1964 Gordon-Keeble GK1

Bonhams Les Grandes Marques du Monde 2021
Wednesday, 3 March - Wednesday, 10 March 2021
€65,000 ($77,350)
Not sold at a high bid of
€90,000 - €120,000
Est. Range
Lot Number
Older restoration
Auction House
Chassis no. C14F1004RD; Engine no. F070IRD. Blue over black leather. RHD, 327/300hp Chevrolet V-8, 4-speed manual, centerlock alloy wheels, four-=wheel disc brakes, woodrim steering wheel, power windows.

Evaluation: Car number 14 of the 99 built. Sold new to William David Ormsby-Gore, the British Ambassador to the United States from 1961-65. He shipped it to the U.S., and reportedly drove Jackie Kennedy around in the car a few times during their brief fling. Damaged in an accident in 1975 but quickly repaired. Restored in the 1980s. More recently had the interior re-trimmed. No major paint issues visible in the photos, but it is likely old and the badges are visibly aged. Used but maintained and recently cleaned up engine bay. Very good interior. A very rare, attractive, and fast Anglo-American hybrid, styled by Giugiaro at Bertone.

Bottom Line: The Gordon-Keeble is a sexy car with a decidedly un-sexy name and an ironic badge – after a tortoise walked into the shot during early photo shoot for the car, Gordon-Keeble chose a black tortoise on a yellow background as its official emblem. Underneath the fiberglass body is a great interior that looks as good as any GT car of the era with ample gauges, toggle switches, and leather swathed with diamond stitching. The 327 Chevrolet engine, meanwhile, made the Gordon-Keeble a great 140-mph continental cruiser, but the car was too expensive and after a brief 1964-67 run the venture went bust.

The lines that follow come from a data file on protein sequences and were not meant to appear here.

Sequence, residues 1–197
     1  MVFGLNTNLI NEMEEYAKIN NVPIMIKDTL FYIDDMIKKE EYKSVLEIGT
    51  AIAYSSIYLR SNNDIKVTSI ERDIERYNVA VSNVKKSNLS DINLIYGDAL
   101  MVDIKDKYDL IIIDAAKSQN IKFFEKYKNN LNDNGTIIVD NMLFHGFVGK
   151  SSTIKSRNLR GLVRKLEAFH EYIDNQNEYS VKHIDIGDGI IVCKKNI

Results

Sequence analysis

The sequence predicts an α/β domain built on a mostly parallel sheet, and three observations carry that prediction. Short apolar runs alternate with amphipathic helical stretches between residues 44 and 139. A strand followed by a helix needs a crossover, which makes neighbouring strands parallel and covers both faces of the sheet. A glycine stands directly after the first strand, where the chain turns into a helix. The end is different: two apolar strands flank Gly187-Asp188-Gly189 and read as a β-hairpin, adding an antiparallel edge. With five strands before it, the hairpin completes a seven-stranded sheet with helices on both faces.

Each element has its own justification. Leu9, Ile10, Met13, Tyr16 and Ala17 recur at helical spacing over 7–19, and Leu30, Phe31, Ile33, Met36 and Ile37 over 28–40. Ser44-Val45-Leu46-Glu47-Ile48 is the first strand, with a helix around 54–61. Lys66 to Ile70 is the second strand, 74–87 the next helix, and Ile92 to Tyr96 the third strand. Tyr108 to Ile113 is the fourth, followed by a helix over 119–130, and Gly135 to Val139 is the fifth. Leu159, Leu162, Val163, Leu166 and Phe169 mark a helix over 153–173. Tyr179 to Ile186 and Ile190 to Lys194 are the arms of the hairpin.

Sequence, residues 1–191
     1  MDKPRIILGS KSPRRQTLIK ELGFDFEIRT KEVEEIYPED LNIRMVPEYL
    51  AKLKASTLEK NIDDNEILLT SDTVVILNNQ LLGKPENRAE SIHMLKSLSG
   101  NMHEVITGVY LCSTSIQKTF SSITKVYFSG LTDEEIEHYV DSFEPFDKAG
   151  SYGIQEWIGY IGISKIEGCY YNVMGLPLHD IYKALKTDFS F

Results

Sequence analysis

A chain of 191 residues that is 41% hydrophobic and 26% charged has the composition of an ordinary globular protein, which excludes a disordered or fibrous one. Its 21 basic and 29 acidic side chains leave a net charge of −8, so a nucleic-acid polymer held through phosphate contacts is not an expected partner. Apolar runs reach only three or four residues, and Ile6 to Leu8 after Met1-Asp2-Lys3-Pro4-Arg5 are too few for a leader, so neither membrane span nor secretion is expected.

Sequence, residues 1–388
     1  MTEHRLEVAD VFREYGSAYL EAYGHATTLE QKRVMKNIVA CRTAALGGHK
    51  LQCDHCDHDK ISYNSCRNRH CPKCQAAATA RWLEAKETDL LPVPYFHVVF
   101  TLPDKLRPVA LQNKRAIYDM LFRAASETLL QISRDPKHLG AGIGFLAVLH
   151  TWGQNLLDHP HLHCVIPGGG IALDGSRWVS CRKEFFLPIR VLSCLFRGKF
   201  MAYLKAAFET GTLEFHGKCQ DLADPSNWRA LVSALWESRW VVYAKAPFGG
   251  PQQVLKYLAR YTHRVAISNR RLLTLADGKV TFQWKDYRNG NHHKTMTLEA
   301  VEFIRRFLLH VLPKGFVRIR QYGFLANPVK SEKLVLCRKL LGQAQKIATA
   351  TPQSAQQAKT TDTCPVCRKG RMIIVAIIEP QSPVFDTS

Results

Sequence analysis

Most of the 99 Gordon-Keebles built still survive, but they still hardly come to market. Price obviously depends on condition, but in recent years they have sold for as little as £51,750 or as high as £105,100. The reported high bid here didn’t see this Gordon-Keeble off to a new home, but it should have been at least close to an acceptable number for the seller.

by Andrew Newton
18 March 2021
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